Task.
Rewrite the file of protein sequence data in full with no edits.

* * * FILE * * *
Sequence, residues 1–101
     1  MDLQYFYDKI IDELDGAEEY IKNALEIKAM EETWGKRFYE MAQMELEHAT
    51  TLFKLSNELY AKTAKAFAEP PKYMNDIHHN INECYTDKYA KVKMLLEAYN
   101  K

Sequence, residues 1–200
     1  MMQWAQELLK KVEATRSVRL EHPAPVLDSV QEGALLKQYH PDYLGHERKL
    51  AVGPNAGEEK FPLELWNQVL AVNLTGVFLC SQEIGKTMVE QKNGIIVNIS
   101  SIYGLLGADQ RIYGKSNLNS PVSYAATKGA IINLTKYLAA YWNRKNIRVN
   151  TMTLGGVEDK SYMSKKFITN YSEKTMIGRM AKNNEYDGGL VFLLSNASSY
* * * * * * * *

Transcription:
Sequence, residues 1–101
     1  MDLQYFYDKI IDELDGAEEY IKNALEIKAM EETWGKRFYE MAQMELEHAT
    51  TLFKLSNELY AKTAKAFAEP PKYMNDIHHN INECYTDKYA KVKMLLEAYN
   101  K

Sequence, residues 1–200
     1  MMQWAQELLK KVEATRSVRL EHPAPVLDSV QEGALLKQYH PDYLGHERKL
    51  AVGPNAGEEK FPLELWNQVL AVNLTGVFLC SQEIGKTMVE QKNGIIVNIS
   101  SIYGLLGADQ RIYGKSNLNS PVSYAATKGA IINLTKYLAA YWNRKNIRVN
   151  TMTLGGVEDK SYMSKKFITN YSEKTMIGRM AKNNEYDGGL VFLLSNASSY